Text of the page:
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The Skylake-X Mess Explored: Thermal Paste And Runaway Power

Factory Imposed Limits: Heat Spreaders, TIM & The IVR

One reason for the cooling problem is Intel's use of inadequate (but arguably much cheaper) thermal paste instead of indium-based solder. Although we can debate the durability of solder over time, particularly as it relates to CPUs with small dies, we have seen processors of different sizes operate stably and error-free over many years with solder between the die and heat spreader.

Moreover, thermal pastes have their own long-term stability issues. Over time, the oils in these materials separate from the solids, introducing air gaps between the surfaces and increasing thermal resistance. This effect is different in all pastes, but it can't be prevented completely.

Why is this such a big deal to us? The following curve from our Core i9-7900X review, which we generated with a very high-end cooling solution, shows clearly that waste heat is dissipated poorly and inadequately with paste between the die and heat spreader. What actually worked effectively for a 91W chip like the Core i7-7700K now leads to a thermal bottleneck.

In the end, the following graph represents the glaring temperature differences between the heat spreader on top and cores underneath. We were shocked in our launch story and remain so today.

Although we're using some of the highest-end and most expensive cooling hardware available, we still measure up to a whopping 71 Kelvin difference between the cores' reported temperature and the heat spreader's top. Obviously, a more mainstream closed-loop liquid cooler under full load would look quite silly.

Observation #2: The dissipation of waste heat is hindered by the CPU's construction and Intel's deliberate decision to use thermal paste between the heat spreader and die. Regardless of how much pressure you use or how cold you can get your heat sink, you'll never realize Skylake-X's potential the way it's currently configured. Intel applies a thermal brake, favoring longevity and sacrificing performance.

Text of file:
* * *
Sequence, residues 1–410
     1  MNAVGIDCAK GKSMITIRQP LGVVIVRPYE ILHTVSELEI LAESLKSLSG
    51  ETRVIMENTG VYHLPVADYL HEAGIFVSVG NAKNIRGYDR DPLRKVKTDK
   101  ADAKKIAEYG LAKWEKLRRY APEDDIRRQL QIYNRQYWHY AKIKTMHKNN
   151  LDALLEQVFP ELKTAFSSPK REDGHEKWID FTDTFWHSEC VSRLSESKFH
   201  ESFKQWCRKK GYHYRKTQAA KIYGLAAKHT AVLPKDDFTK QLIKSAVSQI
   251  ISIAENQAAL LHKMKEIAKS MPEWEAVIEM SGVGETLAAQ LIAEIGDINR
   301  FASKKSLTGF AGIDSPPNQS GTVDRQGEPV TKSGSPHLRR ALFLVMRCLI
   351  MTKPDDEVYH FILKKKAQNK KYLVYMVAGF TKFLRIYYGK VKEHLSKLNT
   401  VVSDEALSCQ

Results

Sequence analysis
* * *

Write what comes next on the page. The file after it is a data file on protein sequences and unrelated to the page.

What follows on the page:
Now, you might be tempted to remove the heat spreader and replace Intel's thermal paste with something better. But that's simply not a realistic course of action for most enthusiasts. It takes a special tool, a steady hand, and some prior practice. Of course, the process also obliterates your warranty.

It'd be even more extreme to leave the die exposed and use a good torque screwdriver to minimize the possibility of mechanical damage from a non-uniform/excessive load. That's still a risky move, though.

In the end, de-lidding is one solution to this cooling bottleneck, though it lacks mass appeal. A certain contingent of enthusiasts will try their hands at it regardless, and we can only caution that you consider the risks first.

Skylake-X's Integrated Voltage Regulators

Intel's Haswell and Broadwell designs employed a Fully Integrated Voltage Regulator, incorporating power delivery onto the package/die. FIVR was to simplify motherboard layouts by consolidating five platform-based voltage regulators down to just one. But the implementation created some issues for overclockers, too.

Skylake-S did away with FIVR. Now, Skylake-X re-incorporates integrated voltage regulation, though its IVR is linear, rather than switching.

What's this all about? Well, the motherboard's external voltage converters do not deliver the Vcore, as in Kaby Lake-X, but rather an intermediate voltage (VCCIN, or eventual CPU input voltage) as input for Skylake-X's IVR. If you take a look at the picture below, you can see the point for measuring VCCIN for Skylake-X or Vcore for Kaby Lake-X. The CPU determines which voltage is delivered from the VRM, and it can be between 1.6V and up to a maximum of 2.55V.

Anecdotally, it was this hybrid approach that led to so many CPU deaths in the run-up to Intel's launch, as folks switched from Skylake-X at 1.8V to Kaby Lake-X and applied far too high of a voltage.